Back in the dark ages, when CPUs only had one, two or maybe four cores, the idea of dedicating an entire core to a single thread was ridiculous. Then it became apparent that the only way to scale CPU performance was to integrate more cores onto a single CPU chip. Now there are monsters like the Xeon E5-2699 v4 with 22 physical cores – not to mention Knight’s Landing with 72! People started wondering – how to use all these cores in a meaningful way without getting bogged down in delays from cache coherency, locks and other synchronization issues.
Turns out the answer may well be to hard-allocate threads to cores – just one thread locked into each core. This means that almost all of an application can be free of kernel interaction. This is how DPDK gets its speed for example. It uses user space polling to minimize latency and maximize performance.
I have been running some tests using one thread per core with DPDK and lock-free shared memory links. So far, on my old i7-2700K dev machine (with another machine generating test data over a 40Gbps link), I have been seeing over 16Gbps of throughput through DPDK into the shared memory link using a single core without even trying to optimize the code. It’s kind of weird seeing certain cores holding at 100% continuously, even if they are doing nothing, but this is the new reality.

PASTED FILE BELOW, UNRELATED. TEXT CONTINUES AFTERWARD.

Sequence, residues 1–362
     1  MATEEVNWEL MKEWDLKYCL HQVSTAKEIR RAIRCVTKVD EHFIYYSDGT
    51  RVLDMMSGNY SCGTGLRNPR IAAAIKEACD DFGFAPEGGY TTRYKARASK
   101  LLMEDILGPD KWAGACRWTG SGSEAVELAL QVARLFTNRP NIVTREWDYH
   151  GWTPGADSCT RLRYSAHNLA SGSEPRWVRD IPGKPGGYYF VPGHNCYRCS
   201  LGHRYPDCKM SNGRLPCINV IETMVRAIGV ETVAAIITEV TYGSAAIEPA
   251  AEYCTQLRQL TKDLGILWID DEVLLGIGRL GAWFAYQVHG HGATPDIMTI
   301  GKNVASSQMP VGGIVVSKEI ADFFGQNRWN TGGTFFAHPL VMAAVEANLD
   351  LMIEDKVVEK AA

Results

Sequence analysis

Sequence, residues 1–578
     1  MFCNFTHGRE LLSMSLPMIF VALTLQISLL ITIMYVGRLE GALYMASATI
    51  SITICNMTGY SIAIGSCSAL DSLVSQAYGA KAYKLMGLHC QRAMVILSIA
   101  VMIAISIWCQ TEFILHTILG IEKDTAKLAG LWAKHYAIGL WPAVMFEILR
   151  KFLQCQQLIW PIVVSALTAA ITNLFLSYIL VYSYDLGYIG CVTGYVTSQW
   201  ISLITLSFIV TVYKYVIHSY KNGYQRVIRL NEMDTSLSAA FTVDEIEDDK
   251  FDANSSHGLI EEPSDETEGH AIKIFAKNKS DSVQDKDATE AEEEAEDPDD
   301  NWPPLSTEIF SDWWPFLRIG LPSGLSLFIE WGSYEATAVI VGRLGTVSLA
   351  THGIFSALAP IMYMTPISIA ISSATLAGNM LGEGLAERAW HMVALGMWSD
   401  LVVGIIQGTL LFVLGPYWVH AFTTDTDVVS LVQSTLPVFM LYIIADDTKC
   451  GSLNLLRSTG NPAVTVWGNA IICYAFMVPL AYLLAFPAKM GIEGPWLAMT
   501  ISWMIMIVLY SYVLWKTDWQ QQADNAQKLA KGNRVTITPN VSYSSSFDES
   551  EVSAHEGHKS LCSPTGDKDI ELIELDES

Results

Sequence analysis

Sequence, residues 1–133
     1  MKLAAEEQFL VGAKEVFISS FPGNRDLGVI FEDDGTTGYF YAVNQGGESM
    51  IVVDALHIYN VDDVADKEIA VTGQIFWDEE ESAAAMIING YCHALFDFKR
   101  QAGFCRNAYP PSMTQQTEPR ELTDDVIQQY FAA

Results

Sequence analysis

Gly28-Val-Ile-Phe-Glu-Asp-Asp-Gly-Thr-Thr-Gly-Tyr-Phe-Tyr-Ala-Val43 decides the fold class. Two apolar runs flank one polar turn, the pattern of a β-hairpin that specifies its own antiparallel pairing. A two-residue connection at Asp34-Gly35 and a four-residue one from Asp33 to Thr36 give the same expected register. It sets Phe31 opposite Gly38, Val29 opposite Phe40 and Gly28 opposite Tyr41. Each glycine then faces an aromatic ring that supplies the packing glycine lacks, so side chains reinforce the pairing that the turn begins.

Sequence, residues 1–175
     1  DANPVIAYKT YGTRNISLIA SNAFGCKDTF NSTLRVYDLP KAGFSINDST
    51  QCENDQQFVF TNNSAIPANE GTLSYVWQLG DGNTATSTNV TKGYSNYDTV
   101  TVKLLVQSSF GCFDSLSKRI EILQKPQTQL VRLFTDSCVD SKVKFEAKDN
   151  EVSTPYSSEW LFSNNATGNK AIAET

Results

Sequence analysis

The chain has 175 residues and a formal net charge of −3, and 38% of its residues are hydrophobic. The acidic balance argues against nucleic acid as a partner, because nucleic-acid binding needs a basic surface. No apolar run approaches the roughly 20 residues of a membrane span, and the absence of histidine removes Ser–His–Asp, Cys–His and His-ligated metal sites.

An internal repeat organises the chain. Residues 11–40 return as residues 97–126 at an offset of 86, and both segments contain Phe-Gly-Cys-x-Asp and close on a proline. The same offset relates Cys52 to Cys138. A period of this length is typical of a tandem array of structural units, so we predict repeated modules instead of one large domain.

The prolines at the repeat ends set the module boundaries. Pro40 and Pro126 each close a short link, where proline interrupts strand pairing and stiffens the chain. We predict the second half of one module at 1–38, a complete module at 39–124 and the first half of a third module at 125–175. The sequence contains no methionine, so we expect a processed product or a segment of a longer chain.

An interesting question comes out of this though: is this the end of Java/Scala and the JVM for high performance applications? Can the JVM support this model of operation fully? I don’t know. Fashions change of course, even when it comes to programming styles. In the old days, every CPU cycle mattered. More recently, people were happy to waste cycles to get things like automatic garbage collection. Maybe now the tide is turning back to every CPU cycle mattering again. And they are some really powerful cycles now!